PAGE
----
Letting Go of Carpal
It starts with mild tingling in your hand. Then numbness
from time to time. It progresses and begins to interfere with your work. You
have to pause and literally "shake it off. It gets worse, and you wake up in night
after night with pain shooting up your wrist.
These are the classic symptoms of
carpal tunnel syndrome, one of the most common causes of wrist and hand pain. Although most people think of the hands when
they think of carpal tunnel pain, Dr. Andrew Foret, hand and wrist specialist
with Center for Orthopaedics, says the condition can affect the wrist too, and
actually starts there, when the median nerve, which is on the palm side of the
hand, becomes compressed by other structures in the wrist.
He says the risk of developing carpal tunnel syndrome is not
confined to people in a single industry or job, but it is a classic overuse
injury, occurring most often in those performing repetitive-type tasks in the
manufacturing, construction, clerical, sewing, finishing and cleaning
industries. "Basically, anyone who often has their wrist situated
at an awkward and repetitive angle for extended periods of time is vulnerable
to the condition.
Carpal tunnel syndrome usually occurs only in adults, and women
are three times more likely than men to develop carpal tunnel syndrome. Dr. Foret says this may be because the carpal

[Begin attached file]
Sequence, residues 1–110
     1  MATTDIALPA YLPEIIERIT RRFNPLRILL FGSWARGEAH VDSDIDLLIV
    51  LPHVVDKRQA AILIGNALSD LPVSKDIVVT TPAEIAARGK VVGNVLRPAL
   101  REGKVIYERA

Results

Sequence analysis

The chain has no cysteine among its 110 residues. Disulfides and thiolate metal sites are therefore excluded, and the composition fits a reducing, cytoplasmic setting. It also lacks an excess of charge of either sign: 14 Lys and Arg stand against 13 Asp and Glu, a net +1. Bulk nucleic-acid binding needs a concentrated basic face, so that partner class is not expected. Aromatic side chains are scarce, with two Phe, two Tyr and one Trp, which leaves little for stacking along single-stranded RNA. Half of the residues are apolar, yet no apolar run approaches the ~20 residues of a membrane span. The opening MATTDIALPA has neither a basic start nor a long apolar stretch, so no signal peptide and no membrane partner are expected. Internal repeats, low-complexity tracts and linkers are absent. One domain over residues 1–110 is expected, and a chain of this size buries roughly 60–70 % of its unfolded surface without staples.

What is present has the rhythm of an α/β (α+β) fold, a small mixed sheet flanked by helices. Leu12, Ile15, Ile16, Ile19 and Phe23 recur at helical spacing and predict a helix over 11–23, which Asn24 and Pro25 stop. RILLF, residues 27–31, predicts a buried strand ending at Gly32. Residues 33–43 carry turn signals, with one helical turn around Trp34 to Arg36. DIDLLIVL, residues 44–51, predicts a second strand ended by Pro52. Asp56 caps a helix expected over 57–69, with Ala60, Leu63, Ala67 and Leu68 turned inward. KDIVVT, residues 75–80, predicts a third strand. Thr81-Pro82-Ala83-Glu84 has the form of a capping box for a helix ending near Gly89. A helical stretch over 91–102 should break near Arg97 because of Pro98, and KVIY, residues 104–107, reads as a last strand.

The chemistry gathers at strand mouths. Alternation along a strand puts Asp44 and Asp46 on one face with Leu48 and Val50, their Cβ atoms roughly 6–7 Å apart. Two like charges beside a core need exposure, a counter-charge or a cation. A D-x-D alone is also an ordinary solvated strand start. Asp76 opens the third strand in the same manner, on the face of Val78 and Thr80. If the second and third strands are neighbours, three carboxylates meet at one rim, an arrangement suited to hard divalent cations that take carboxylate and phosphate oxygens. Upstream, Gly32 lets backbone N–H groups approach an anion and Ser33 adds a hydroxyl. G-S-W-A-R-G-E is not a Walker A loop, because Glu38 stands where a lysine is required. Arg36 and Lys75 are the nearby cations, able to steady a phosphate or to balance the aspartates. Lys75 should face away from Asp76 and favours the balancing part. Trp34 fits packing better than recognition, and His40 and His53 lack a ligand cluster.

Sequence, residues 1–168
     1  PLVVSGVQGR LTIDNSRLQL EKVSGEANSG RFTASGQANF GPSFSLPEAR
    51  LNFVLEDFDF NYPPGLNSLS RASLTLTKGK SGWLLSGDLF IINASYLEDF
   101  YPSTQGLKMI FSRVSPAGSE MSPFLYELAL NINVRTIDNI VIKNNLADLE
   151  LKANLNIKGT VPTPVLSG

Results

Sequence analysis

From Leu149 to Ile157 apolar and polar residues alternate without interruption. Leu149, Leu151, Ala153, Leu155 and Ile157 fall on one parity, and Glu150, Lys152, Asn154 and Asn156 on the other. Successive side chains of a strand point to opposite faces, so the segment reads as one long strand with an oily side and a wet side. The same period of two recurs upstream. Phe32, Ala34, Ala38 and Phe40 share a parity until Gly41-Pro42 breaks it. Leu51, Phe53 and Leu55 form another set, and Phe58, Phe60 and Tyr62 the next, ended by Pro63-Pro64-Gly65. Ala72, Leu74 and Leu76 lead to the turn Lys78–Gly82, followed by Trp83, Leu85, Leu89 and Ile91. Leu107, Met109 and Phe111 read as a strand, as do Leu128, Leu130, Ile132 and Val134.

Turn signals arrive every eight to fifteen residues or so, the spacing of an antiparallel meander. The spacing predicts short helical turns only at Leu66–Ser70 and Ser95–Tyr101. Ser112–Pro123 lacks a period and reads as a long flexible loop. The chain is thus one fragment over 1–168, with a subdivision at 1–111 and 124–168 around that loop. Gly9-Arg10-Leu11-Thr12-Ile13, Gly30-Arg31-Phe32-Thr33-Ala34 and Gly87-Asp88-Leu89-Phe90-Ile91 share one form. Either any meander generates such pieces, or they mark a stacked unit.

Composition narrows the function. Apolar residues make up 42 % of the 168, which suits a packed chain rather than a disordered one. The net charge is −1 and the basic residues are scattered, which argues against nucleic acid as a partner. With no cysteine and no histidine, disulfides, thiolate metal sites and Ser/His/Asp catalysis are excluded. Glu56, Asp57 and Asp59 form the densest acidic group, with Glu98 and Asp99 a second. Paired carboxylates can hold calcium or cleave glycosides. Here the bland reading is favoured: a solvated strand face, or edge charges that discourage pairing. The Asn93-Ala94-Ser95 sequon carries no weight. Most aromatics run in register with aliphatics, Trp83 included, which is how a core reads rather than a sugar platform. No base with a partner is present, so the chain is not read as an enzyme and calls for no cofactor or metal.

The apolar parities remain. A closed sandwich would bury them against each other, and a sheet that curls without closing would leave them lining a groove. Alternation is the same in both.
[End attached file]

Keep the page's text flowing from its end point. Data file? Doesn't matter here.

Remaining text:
tunnel itself is typically smaller in women than in men. The dominant hand is
usually affected first and produces the most severe pain. Persons with diabetes
or other metabolic disorders that directly affect the body's nerves and make
them more susceptible to compression are also at high risk. Carpal
tunnel syndrome may also be genetic, according to recent research.
untreated, Dr. Foret says pain from the condition becomes more severe,
spreading up the arm and making it difficult to complete manual tasks, like
typing or holding a hammer.
Dr. Foret says this
is why it is very important to pay attention to early warning signs the
tingling, numbness and mild pain or cramping and seek an evaluation. "If we can diagnose early, there are more
options for non-surgical treatment, and we can hopefully avoid permanent damage
of the median nerve, which can lead to loss of grip strength.
A diagnosis of
carpal tunnel syndrome involves a physical examination of the hands, wrists,
arms and shoulders, along with electrodiagnostic tests to measure the
electrical activity of nerves and muscles.
Once a diagnosis is confirmed, Dr.
Foret says non-surgical treatment options are always considered first. These
include medication, injections, bracing and exercises to strengthen the muscles
in the hand and wrist, just to name a few.
For some people, these measures
can prevent, or at least delay, the need for surgery. If surgery is needed, Dr.
Foret says an endoscopic carpal tunnel release procedure is performed in most
cases. "Endoscopic procedures have become commonplace thanks to todays
technological advances. Using this technique for a procedure like carpal tunnel
release means a shorter recovery time and an almost immediate reduction in the